GUEST VIEW: Perry should defend immigration stance

The following editorial appeared in the Dallas Morning News on Tuesday, Sept. 27:

It’s rare to see Gov. Rick Perry getting roughed up politically for not being hawkish enough, but his fellow Republicans are having a merry time outflanking him on the right over the national immigration issue. The once-soaring Perry candidacy suddenly looks like a wounded duck in descent.

Perry has a choice: He could get medieval and fire up the anti-immigrant talk, or he could more effectively defend the principles he has laid out.

We urge Perry to stand by the two common-sense positions that are costing him dearly — his opposition to a 2,000-mile border fence and his signature on a bill that grants in-state tuition to some students who are in the state illegally.

The fence is an obvious call. As a border governor, Perry speaks with authority about the absurdity of trying to secure the boundary between the United States and Mexico with a mere fence. He has done the math, and he knows the terrain along the 1,200-mile Texas border.

Yet his GOP rivals remain crassly calculating with their toss-offs about walling off the border, as if it were like building across the living room with a pail of Legos.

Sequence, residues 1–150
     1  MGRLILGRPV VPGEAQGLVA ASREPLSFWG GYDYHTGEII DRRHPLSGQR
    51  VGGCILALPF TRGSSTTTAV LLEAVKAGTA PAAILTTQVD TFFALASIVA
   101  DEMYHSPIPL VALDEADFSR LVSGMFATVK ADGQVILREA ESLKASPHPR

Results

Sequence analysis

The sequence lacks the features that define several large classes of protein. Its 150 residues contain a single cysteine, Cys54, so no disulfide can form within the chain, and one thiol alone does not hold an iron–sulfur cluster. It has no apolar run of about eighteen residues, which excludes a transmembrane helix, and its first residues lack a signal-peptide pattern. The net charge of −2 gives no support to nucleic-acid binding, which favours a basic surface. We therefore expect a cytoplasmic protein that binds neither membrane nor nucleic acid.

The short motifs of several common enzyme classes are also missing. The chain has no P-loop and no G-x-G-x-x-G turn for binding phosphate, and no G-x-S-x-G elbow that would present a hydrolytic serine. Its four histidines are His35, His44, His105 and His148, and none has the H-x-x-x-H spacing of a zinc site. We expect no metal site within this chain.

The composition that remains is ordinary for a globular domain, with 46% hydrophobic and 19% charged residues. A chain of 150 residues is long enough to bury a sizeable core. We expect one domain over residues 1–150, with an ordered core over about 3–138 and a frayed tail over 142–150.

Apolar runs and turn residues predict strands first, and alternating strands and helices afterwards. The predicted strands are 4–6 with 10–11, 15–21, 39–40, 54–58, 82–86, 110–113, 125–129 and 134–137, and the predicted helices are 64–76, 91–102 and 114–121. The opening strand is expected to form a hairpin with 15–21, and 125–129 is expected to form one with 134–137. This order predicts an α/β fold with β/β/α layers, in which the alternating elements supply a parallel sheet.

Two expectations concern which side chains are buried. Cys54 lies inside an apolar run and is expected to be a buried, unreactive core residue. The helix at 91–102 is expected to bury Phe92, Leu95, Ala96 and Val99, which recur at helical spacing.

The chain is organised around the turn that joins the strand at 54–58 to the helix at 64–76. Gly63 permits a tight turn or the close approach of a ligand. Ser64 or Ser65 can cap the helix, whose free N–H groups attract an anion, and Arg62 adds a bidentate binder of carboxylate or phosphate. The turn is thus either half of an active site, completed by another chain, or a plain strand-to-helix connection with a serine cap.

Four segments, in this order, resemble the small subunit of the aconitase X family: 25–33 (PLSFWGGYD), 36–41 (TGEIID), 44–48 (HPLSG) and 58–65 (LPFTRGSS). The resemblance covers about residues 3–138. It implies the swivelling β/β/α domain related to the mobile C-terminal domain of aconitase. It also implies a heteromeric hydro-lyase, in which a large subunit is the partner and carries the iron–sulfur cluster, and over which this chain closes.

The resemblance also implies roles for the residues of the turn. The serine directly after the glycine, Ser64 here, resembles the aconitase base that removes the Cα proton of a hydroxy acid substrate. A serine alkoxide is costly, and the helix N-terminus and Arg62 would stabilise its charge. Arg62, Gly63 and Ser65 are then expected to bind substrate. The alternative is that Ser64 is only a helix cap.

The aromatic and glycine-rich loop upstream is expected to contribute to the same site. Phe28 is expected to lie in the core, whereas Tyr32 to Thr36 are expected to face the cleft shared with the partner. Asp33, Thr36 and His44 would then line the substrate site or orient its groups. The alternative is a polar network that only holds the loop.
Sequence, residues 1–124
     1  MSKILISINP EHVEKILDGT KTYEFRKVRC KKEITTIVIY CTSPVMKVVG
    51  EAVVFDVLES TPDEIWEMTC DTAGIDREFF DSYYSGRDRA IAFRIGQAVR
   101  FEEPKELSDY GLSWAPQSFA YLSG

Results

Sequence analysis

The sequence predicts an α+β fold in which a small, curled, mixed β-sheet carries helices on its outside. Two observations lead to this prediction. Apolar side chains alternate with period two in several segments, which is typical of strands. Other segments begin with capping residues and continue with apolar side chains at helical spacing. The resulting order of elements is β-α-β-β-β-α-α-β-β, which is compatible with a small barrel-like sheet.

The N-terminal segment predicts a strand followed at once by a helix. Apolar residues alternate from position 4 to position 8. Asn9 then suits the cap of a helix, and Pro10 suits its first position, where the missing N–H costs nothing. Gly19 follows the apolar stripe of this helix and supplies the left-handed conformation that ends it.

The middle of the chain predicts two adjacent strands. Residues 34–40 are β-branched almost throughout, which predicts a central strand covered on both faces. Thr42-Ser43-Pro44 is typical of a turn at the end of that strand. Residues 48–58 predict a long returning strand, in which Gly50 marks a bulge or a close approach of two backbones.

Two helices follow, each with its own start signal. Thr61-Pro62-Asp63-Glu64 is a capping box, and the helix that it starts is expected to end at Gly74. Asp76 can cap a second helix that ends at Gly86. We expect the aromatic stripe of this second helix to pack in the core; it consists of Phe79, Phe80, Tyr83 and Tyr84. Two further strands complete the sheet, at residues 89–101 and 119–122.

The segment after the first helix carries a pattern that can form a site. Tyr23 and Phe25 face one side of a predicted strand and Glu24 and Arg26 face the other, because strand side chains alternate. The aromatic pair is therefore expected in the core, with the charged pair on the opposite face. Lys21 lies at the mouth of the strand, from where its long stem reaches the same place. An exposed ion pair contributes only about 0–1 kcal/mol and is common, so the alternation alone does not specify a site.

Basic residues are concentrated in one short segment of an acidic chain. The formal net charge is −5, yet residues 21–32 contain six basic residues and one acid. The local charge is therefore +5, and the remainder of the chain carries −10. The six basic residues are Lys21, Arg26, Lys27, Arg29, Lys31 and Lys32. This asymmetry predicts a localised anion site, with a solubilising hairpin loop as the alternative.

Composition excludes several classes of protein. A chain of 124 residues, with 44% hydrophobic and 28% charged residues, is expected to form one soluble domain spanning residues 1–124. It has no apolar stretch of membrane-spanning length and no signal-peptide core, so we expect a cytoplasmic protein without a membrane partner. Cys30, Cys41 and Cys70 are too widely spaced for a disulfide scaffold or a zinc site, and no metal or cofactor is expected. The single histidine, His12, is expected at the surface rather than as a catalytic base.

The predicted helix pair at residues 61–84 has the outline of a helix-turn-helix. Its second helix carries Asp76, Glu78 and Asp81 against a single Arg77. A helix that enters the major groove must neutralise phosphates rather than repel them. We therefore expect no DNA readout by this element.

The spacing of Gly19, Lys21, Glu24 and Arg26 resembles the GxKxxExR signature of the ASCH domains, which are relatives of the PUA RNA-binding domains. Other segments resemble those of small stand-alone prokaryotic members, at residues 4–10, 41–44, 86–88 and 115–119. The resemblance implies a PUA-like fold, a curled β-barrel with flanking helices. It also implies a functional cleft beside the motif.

Perhaps worse for Perry, politically, is his defense of signing the 2001 bill that allows students who are illegal immigrants to pay in-state college tuition in Texas if they meet certain conditions. …

It’s hard not to wince when Perry says opposing the Texas law means you have no heart. …

And Perry says his prescription for border security is “boots on the ground,” as if that alone will do it.

We’d rather that Perry, with his experience as a pro-business border governor, go all in on the immigration issue and tell the truth about individual fixes: They don’t work.

It will take a comprehensive program including border security, a guest-worker program, workplace enforcement and a pathway to legalized immigration status.

Illegal immigration is no sound-bite issue. The governor knows that, and he’s in a better position than any other candidate to make the case for lasting reforms.


Posted by Tribune News Services

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